The sub-assemblies disclosed by D3 and the process of making the shoe of D3 thus differ from the invention claimed in Claim 1 only in that D3 concerns a normal shoe whereas the process of Claim 1 is for manufacturing an inner lining shoe for ski boots. Claim 1 contains no steps or features to differentiate its process from the known process for making shoes in general and it does not even specify the padding which was put forward by the respondent himself as an essential component of the lining shoe according to the invention.
Therefore Claim 1 cannot be allowed in application of Articles 56 and 123 EPC and the second auxiliary request must be rejected.
5. Third auxiliary request (based on the claims submitted during the oral proceedings before the Board)
5.1. Amendments to the claims (Articles 84 and 123 EPC)
5.1.1. Change of category
In the description of the application as originally filed, the invention is described in terms of manufacturing operations such as, for example page 2, line 21: "made integrally"; lines 26 and 31: "integrally formed"; line 27: "shaped as"; - line 28: "which can be connected" or on page 3, line 1: "which can be anchored and secured"; lines 1 and 2: "which can be sewed", etc...
Therefore, the change of category from the granted "product" claims to the claims of the third auxiliary request concerning a "process" for manufacturing the same does not amend the patent in suit in such a way that it contains subject-matter which extends beyond the content of the application as filed (Article 123(2) EPC).
Since, moreover, a product claim per se confers protection to all processes for making that product, a replacement of said product claim by a process claim directed to a specific method for making that product does not extend the protection conferred thereby (Article 123(3) EPC; cf Case Law of the Boards of Appeal of the EPO, 3rd edition 1998, III.B.3, at page 220).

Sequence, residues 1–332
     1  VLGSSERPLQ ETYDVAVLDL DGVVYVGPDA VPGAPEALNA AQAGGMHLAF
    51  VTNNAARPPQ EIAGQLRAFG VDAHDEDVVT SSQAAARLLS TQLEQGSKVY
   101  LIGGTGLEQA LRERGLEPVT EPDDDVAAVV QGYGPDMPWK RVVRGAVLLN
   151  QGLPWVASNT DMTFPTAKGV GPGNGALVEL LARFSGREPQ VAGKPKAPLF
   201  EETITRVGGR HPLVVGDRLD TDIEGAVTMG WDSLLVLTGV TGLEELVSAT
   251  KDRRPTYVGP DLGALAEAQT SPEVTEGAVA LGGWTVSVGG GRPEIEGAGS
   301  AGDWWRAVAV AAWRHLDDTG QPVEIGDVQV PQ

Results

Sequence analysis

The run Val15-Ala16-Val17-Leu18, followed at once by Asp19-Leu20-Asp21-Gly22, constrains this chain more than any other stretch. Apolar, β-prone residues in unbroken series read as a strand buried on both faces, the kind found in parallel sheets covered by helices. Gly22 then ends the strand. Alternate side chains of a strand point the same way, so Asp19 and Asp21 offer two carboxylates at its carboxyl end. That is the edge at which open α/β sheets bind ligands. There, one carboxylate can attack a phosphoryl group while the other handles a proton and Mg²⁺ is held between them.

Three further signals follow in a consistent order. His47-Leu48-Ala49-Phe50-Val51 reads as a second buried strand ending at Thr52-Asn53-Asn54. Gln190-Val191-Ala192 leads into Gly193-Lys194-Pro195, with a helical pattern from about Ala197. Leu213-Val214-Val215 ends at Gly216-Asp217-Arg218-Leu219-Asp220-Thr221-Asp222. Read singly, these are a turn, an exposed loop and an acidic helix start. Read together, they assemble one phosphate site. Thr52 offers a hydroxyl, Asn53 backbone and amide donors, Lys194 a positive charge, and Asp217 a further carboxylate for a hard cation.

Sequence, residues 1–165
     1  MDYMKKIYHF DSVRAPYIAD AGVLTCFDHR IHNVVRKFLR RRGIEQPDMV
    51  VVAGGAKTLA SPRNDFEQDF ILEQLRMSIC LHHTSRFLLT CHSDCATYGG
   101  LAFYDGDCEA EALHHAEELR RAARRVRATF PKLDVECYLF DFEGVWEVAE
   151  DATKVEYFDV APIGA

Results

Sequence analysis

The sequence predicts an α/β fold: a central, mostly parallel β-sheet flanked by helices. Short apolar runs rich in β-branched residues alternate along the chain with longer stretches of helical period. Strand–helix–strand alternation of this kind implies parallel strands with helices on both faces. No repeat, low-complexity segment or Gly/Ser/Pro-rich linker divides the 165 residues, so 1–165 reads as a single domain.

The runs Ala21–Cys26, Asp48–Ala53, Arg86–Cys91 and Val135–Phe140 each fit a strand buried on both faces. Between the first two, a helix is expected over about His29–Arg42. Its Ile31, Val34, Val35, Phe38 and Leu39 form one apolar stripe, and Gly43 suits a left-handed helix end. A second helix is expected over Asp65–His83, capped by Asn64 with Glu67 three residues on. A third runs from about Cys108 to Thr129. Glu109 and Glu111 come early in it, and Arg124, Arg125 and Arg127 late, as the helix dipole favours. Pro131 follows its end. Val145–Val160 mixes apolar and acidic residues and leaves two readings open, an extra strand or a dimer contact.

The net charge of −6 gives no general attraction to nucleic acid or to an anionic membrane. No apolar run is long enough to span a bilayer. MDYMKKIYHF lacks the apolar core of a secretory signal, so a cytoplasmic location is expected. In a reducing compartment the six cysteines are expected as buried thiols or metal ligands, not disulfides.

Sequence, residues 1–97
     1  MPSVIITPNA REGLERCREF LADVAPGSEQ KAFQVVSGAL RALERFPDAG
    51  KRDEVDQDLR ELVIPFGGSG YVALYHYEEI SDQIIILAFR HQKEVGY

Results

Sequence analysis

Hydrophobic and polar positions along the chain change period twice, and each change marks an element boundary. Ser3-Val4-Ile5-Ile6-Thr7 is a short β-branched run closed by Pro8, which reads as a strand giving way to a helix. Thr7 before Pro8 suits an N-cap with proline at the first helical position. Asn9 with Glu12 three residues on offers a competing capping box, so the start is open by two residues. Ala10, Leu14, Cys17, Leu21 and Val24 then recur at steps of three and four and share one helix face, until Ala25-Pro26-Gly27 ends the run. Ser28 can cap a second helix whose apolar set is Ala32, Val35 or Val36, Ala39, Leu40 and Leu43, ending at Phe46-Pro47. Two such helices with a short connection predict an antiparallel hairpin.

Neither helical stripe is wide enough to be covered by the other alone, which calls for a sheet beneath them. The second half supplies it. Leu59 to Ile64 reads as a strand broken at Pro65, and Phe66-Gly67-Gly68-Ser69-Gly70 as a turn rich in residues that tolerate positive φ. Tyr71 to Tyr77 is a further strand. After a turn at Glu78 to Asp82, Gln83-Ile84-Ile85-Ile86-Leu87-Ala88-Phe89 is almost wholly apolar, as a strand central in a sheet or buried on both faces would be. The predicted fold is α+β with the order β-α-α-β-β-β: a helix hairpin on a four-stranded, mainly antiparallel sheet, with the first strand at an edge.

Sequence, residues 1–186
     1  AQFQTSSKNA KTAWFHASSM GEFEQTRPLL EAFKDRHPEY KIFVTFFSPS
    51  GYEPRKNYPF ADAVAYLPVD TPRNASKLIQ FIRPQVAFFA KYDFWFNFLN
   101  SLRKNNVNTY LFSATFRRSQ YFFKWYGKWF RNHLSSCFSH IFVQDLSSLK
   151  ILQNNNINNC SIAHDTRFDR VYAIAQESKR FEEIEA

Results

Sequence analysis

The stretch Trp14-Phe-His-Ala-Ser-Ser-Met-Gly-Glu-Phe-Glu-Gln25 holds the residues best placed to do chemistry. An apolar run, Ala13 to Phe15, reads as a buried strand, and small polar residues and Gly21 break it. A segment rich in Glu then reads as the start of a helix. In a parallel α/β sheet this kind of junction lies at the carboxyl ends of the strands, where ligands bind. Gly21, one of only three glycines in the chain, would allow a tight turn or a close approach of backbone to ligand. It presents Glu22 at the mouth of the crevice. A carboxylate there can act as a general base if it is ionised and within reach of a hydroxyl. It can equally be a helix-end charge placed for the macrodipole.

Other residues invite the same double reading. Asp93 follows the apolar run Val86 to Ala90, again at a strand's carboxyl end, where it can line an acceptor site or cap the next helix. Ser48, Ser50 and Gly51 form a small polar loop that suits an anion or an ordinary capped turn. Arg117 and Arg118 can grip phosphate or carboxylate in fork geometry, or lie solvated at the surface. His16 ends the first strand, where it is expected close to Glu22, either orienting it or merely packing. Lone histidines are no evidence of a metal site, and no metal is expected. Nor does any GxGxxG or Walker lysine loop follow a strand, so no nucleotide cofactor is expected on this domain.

Therefore, the change of category of the claims of the third auxiliary request from "product" to "process" does not contravene Article 123 EPC and is allowable.
5.1.2. Amendments to the wording of Claim 1
In addition to the change of category, Claim 1 of the third auxiliary request has been made more specific and clarified as follows:
- The location of the "thickenings" cited in Claim 1 as granted (see column 3, line 23 of the specification) has been made more precise by adding the word "inside" before the word "thickenings", based on Figure 2 of the application as originally filed.
- The way of "avoiding inside thickenings" has been specified in the amended claim by adding the wording "so as to have an inner padding which extends continuously along said tongue and said part".
Also this feature is clearly shown in the cross-section view of Figure 2.
- The erroneous expressions: "foot back" and "back of the foot" used in column 3, lines 24 and 32 respectively of the specification have been replaced by the word "instep" which is more appropriate for specifying the location of the thickenings with respect to the foot of the wearer.
- The phrase: "a fore part adapted to constitute the portion of the upper being the toe of the shoe" (see Claim 1 as granted, column 3, lines 27 to 29) has been replaced by the following phrase:
"a fore part adapted to constitute the whole soleless toe portion of the upper of the shoe".
It is clear from Figure 3 of the application as originally filed that part (16) of the tongue assembly (12) constitutes the whole toe portion of the upper and that it is not preassembled with a sole.
All the amendments made to Claim 1 as submitted during the oral proceedings are supported either by the description or the drawings of the application as filed originally (Article 123(2) EPC). Since, moreover, they clarify the content of Claim 1 on file (Article 84 EPC) and restrict the protection conferred thereby (Article 123(3) EPC, they are admissible.
5.1.3. Amendments to the description
The description as granted has been modified to adapt it to the new set of claims on file and no new matter has been incorporated in it. Therefore, all the amendments made are acceptable.
5.2. Interpretation of Claim 1
While the word "integral" (see column 3, line 25 of the specification) has disappeared from the text of Claim 1, the questionable expression: "integrally formed" (see column 3, line 22) has been maintained in order to avoid the risk of contravening Article 123 EPC.